Ecological Intensification & Perennial Polyculture
Naturally occurring plant communities, whether forests, prairies, deserts, savannahs, or tundra, are almost universally dominated by diverse perennial species.
Plant diversity is important because it helps to keep populations of plant-loving insects and diseases in check. Diversity also tends to enhance productivity because resources such as sunlight, water, and nutrients are used more efficiently when species with different resource requirements grow together.
With the intercrop systems, called polycultures, we hope to incorporate the benefits of diversity seen in nature.
Perenniality is important because when vegetation lives for many years, soils are not only protected against erosion, but they actually build and accumulate organic matter. Deep-rooted perennial plants are able to access nutrients and water that escape the reach of annual plants.
The Land Institute’s perennial breeding programs are working to replicate the perenniality that is commonplace in nature.
Ecological Intensification: The Big Picture for Perennial Agriculture
In contrast to naturally occurring plant communities, our current grain-producing plant communities – that is corn and wheat fields – feature annual crop species with typically low levels of diversity. It is entirely predictable, therefore, that our agricultural ecosystems tend to experience high levels of pest pressures, soil erosion, loss of soil organic matter, and nutrient leakage.
In recent years, researchers around the world have begun to propose that “ecological intensification” – that is, harnessing ecological processes to supplant the need for commercial inputs like fertilizers and pesticides – will be necessary to maintain food production while reducing environmental impacts of agriculture. By using models of naturally occurring plant communities, Land Institute researchers believe that previously unattainable levels of ecological intensification are possible with perennial polycultures.
Multiple Levels of Ecological Intensification
At The Land Institute, we’re working on three levels of ecological intensification to transform agriculture from having a degenerative to a regenerative impact:
All species in natural ecosystems have undergone many cycles of natural selection resulting in adaptations to specific ecological conditions. For example, many grass species have developed resistance to specific plant diseases. Genes coding for disease resistance can be incorporated into perennial crops through breeding. Perennialism is another trait that occurs at the species level and is controlled by numerous genes.
Plant communities in wild ecosystems usually feature many species. Biodiversity in plant communities helps to reduce disease and insect damage throughout the system, and helps plants take advantage of resources such as water, nutrients, and sunlight. Multi-species communities will help ensure more stable ecosystems for perennial grain agriculture.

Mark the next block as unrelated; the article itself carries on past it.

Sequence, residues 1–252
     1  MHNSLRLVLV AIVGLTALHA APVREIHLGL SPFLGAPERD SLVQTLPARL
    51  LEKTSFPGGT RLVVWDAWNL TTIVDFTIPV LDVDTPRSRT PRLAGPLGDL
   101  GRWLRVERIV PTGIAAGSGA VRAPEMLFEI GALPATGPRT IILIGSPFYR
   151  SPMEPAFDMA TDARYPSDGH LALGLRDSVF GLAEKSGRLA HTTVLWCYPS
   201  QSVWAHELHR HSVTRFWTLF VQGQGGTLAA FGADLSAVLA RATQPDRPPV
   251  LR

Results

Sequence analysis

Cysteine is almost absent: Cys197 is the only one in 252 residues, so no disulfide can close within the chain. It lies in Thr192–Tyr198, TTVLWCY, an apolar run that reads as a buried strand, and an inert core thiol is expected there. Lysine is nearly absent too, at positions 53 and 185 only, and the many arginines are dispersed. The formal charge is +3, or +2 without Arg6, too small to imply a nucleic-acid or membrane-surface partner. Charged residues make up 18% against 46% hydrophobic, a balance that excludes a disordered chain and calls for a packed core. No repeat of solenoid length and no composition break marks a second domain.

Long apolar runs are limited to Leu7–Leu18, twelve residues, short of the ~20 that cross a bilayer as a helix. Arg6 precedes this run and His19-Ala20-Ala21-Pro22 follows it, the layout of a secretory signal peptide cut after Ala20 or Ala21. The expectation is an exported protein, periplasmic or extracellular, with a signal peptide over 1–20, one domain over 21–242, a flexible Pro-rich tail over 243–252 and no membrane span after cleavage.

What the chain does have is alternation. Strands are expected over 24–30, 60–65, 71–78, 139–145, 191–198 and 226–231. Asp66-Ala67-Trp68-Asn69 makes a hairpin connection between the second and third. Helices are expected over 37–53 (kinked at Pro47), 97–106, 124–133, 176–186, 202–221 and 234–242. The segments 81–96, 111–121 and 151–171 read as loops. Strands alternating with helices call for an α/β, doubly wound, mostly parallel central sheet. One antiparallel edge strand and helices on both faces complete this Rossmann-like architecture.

It is extremely rare for wild ecosystems to remain in a disturbed state for very long. After disturbances like fire, drought, or floods, perennial species either re-sprout or germinate and take over dominance from ephemeral annual plants. Below ground, the quality of soil organic matter changes during succession as does the community of microorganisms that it supports.
What is Succession, and Why Does It Matter?
Ecological succession is a process of change that occurs after forests, grasslands, or other types of ecosystems have been disturbed by things like fire, floods, or drought. If disturbances are intense, ecosystems can be set back to very early stages of succession, often characterized by the proliferation of annual plant species, losses of nutrients, soil organic matter, and even topsoil itself.
In the wild, periods of high disturbance are almost always brief. No sooner does the ecosystem get knocked back with a disturbance such as a very hot fire, than perennial plants begin to sprout, soil organic matter begins to rebuild, soil microbes change, and the functioning of the ecosystem begins to improve.
In modern annual agriculture, we hold the ecosystem in the highly disturbed and highly compromised state indefinitely. By arresting succession, we make “permanent” a poorly functioning ecosystem that is extremely transient in natural ecosystems.
Perennial crops, which put far more energy into roots below ground and do not require frequent disturbance, allow for succession to take place once again. At The Land Institute, we are learning about the role succession plays in governing ecosystem functions in newly developed perennial polycultures.
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